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Old 10-08-2007, 03:22 PM   #28
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Sooo - has everybody read today's Yahoo about Detroit housing - reminds me of some ex mining and logging towns growing up out West.

Or - 'Will the last person leaving Seattle please turn out the lights.' Always remember that one since I had left and gone to Denver.

heh heh heh - my BIL is a mining engineer and has lost money on every house they've owned for 30 yrs. Buy high, move low. Renting south of Seattle. And you wonder why I say don't buy if you can rent at a decent price. 'Agile, mobile and hostile.' .
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Old 10-08-2007, 03:44 PM   #29
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Sooo - has everybody read today's Yahoo about Detroit housing - reminds me of some ex mining and logging towns growing up out West.

Or - 'Will the last person leaving Seattle please turn out the lights.' Always remember that one since I had left and gone to Denver.

heh heh heh - my BIL is a mining engineer and has lost money on every house they've owned for 30 yrs. Buy high, move low. Renting south of Seattle. And you wonder why I say don't buy if you can rent at a decent price. 'Agile, mobile and hostile.' .
Yea, I've got houses in my neighborhood (metro Detroit) that have been on the market for a year. They keep changing agents and dropping the price, but - no buyers.
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Old 10-08-2007, 04:03 PM   #30
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True but everyone has to live somewhere.
That's why this housing bubble is different than the stock market bubble. In the stock market, people can sell and hide away in cash for a while. But a house is not liquid, it may not sell very fast if at all, and even if one sells, there is the problem of having to buy somewhere else.

I think the housing bubble will resolve itself in a different way than everyone is speculating. Sure, prices will come down, but I don't know if they will regress to that inflation curve for a long time if ever. The US housing market has been of a different nature than those in other countries, where renting is much more common, and where properties are often left to heirs instead of selling on the open market. I recall when I lived in Holland that houses were leased by families for 100 years, since few could afford to outright buy them (may be different now). I don't know if the US market will go this way, but as the population keeps increasing, construction decreases, and people have a harder time finding affordable housing, I think the rental market may be the next bubble.
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Old 10-08-2007, 04:47 PM   #31
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Yea, I've got houses in my neighborhood (metro Detroit) that have been on the market for a year. They keep changing agents and dropping the price, but - no buyers.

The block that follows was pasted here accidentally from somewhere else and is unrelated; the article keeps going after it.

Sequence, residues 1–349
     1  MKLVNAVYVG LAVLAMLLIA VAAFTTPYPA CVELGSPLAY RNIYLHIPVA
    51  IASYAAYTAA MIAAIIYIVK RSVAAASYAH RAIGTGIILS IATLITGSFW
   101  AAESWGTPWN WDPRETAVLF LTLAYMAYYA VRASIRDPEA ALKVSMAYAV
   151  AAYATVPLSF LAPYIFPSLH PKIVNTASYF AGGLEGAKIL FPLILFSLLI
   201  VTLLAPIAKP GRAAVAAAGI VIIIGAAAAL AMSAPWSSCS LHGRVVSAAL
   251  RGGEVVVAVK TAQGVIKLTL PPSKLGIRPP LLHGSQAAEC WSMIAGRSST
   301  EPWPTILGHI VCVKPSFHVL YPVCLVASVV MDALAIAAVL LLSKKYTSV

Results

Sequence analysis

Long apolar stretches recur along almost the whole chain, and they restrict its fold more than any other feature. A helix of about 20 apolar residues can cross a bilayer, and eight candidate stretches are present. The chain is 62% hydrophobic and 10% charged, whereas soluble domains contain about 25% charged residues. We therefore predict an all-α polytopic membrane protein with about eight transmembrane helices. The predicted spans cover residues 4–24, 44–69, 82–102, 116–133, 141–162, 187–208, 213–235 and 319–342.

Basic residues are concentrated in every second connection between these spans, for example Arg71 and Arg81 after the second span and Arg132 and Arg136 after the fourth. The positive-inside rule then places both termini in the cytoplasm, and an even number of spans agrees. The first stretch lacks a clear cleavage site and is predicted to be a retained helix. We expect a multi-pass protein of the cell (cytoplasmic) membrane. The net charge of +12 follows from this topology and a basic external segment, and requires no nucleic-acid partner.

Could be that Detroit, Cleveland, and others turn into ghost towns. I remember, however, many rust belt cities were in similar condition in the 70s/80s, and have since reinvented themselves to an extent. Heck, NYC was a basket case not that long ago.

Wonder what happens when water shortages become untenable in the SW and Kalifornia. Go west midwest, young man?
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Old 10-08-2007, 05:04 PM   #32
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Therein lies a big advantage of ER - a J O B is not required!

That opens up a lot of flexibility location wise.

heh heh heh - my Mom was born in Detroit and later wanted to go back at times. 'Mom - Detroit is not like the 1920's anymore when you were a kid.'
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Old 10-08-2007, 05:24 PM   #33
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I agree that the Leavitt-town type developments have limited long term (or for that matter, short term) appeal.

You're buying into a commodity product, and appreciation potential is unlikely to be much greater than mobile homes...
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Old 10-08-2007, 05:39 PM   #34
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Could be that Detroit, Cleveland, and others turn into ghost towns. I remember, however, many rust belt cities were in similar condition in the 70s/80s, and have since reinvented themselves to an extent. Heck, NYC was a basket case not that long ago.

Wonder what happens when water shortages become untenable in the SW and Kalifornia. Go west midwest, young man?
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Therein lies a big advantage of ER - a J O B is not required!

That opens up a lot of flexibility location wise.
EXACTLY!!! It's as though there is two different countries within our country. In the expensive east/west coast areas, jobs pay a lot but expenses and housing are high, so effectively the dollar has less value. In the cheap middle America areas, high paying jobs are rare but expenses and housing are low, so effectively the dollar is more valuable. Yet, the "exchange rate" is $1:$1!!

For those of us who can somehow manage to enjoy living in middle America, and have no ties elsewhere, moving to middle America for ER is a no-brainer. For various valid reasons, it seems that most people can't do it, though.